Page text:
New Austrian legislation on homeworking and its implications for payroll
On 24 February 2021, the Austrian National Council approved the 2nd COVID-19 Tax Measures Act, which provides for non-taxable reimbursement of costs by the employer and a flat rate deduction for business expenses for the employee if homeworking (so-called “home office”) has been agreed. After a year of working from home due to COVID-19, employees or works councils in many companies are calling for rapid implementation – even if the legislation will only enter into force in coming weeks. In addition to drafting a Home Office Agreement, and deciding on the prerequisites for working from home, it will also be necessary to prepare the necessary changes to payroll.
Documentation and reporting obligation for “home office” days
A Home Office Agreement will create additional documentation and reporting obligations for employers, even if no non-taxable flat rate for homeworking is granted. The number of days in a calendar year spent working from home must be recorded in the wage account and stated on the payslip (L 16). The following 3 prerequisites must be taken into account:
1. Homeworking must have been agreed: It is a requirement that homeworking activities are based on an agreement between the employee and the employer. According to the legislative documentation, this could take the form of a provision within a collective agreement or works agreement, or be concluded as an individual agreement. According to the online FAQs of the Austrian Ministry of Finance, instructions from the employer during the COVID-19 pandemic can be classified as an agreement (Source).
2. Only applies to days exclusively spent working from home: Home office days only include working days on which work is carried out exclusively from home. Working days on which the employee works partly from home and is partly on a business trip or works in the employer’s offices do not count as home office days.
3. The activities must be carried out at home: A home can be defined not only as the primary registered address or secondary registered address of the employee, but also the home of a close family member or relationship partner, if the employee carries out homeworking activities from this location. If work is carried out in cafés, libraries, hotel rooms, or in public spaces, no home office day shall exist for the purposes of Austrian tax law.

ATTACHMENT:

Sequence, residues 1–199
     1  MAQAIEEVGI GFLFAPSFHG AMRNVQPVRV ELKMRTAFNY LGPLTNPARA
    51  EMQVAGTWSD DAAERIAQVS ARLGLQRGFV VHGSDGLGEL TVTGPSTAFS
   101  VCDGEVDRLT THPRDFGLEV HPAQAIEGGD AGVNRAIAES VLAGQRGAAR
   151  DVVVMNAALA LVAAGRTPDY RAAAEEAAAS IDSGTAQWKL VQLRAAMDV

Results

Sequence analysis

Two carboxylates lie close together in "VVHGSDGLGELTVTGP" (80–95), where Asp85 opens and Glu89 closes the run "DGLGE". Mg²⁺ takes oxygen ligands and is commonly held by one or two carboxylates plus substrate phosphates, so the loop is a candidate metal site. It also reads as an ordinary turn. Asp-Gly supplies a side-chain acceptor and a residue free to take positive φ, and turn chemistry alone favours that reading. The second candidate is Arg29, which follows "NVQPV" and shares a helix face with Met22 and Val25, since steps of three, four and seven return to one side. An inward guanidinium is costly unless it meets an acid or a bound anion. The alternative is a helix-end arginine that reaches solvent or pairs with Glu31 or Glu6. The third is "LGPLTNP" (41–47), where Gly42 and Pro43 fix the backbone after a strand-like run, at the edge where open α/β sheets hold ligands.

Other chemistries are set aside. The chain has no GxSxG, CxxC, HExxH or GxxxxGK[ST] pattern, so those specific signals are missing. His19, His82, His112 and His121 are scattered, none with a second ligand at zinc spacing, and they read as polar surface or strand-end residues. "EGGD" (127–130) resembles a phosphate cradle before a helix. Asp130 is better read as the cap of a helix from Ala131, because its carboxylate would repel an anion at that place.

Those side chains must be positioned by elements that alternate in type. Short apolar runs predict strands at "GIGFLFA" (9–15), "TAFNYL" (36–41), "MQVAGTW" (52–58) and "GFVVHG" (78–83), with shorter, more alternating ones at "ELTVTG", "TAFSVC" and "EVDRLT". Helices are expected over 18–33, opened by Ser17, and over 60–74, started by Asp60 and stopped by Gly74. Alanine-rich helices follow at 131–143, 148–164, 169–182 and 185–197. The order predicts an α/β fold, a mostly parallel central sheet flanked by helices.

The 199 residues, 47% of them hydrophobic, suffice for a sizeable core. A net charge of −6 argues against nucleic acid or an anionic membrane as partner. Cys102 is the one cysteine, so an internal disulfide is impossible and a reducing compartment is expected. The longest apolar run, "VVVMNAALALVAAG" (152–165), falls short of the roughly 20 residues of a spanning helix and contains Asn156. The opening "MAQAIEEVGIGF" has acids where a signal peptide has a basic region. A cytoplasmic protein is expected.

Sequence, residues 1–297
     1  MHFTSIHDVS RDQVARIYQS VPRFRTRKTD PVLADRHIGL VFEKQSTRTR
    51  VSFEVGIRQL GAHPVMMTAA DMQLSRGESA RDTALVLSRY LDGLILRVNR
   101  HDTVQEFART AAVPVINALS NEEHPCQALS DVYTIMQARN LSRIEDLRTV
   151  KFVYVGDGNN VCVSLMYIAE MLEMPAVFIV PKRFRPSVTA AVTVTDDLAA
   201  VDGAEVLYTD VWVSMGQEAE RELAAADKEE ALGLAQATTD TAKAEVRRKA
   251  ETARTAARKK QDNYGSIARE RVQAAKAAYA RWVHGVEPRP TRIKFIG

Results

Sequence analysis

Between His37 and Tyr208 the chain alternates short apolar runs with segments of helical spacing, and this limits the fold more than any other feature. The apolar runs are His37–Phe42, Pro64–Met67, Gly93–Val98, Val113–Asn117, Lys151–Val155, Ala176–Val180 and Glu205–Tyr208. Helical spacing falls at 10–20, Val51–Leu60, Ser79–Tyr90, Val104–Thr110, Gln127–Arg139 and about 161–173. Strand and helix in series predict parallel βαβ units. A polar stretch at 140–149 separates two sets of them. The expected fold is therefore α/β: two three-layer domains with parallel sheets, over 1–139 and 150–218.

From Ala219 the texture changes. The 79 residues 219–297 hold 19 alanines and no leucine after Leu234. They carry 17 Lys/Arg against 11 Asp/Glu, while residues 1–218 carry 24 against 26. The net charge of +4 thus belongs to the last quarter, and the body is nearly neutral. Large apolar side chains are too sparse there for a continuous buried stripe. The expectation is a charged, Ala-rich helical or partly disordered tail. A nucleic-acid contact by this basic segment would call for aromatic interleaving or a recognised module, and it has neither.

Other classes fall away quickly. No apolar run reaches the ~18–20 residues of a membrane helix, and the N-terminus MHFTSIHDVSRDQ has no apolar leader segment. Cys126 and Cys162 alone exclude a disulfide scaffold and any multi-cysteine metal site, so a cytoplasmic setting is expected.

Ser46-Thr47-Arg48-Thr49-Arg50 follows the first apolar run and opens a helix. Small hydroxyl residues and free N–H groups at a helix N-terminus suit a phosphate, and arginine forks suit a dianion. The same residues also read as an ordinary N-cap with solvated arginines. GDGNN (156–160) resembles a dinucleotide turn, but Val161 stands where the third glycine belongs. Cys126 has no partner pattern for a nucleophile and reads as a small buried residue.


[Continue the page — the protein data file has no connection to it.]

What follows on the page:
Granting flat rate expenses for homeworking
- Employers can grant non-taxable flat rate expenses for homeworking, which are exempt from social security and non-wage labour costs, in the amount of EUR 3 per home office day for a maximum of 100 home office days in a calendar year (max. EUR 300 per calendar year).
- The flat rate expenses do not need to be checked against the number of home office days on a monthly basis. However, employers must ensure that only EUR 3 is granted per home office day on average across the calendar year (e.g. by recalculation at year-end), and no more than EUR 300 is granted per calendar year.
- The non-taxable flat rate expenses for homeworking must also be stated in the wage account and on the payslip (L 16).
- Discrepancies between the recorded home office days, travel expense records, and journey logs, could risk creating wage tax liabilities for the employer during wage tax audits. It is therefore advisable to carry out plausibility checks.
Typical questions relating to implementation
- How can home office days be recorded in existing company systems, e.g. timesheets, and be identified in the wage account at least through recalculation at year-end?
- How can home office days be determined for Q1 and Q2 2021, if a Home Office Agreement was already in place during this period? According to the online FAQs of the Austrian tax authorities, it is permissible to use estimates for this time period. It should be checked whether utilisation planning in connection with COVID-19 measures could provide a basis for an estimate of this kind, or which relevant data could be used.
- How can company guidelines and instructions on timekeeping help ensure that only home office days that fulfil the requirements are recorded? For employees, there is a tax incentive to document as many home office days as possible, to receive non-taxable flat-rate expenses for homeworking from the employer, or to claim a flat rate deduction for business expenses in the tax return. The reporting obligation applies to the employer.
- Due to the reporting obligation for home office days, the Austrian tax authorities will receive data on the extent of the employee’s homeworking activities. Questions may potentially arise regarding which municipality is entitled to receive municipal taxes if the number of home office days indicates a greater degree of organisational and economic connection with a home office, rather than the employer’s offices.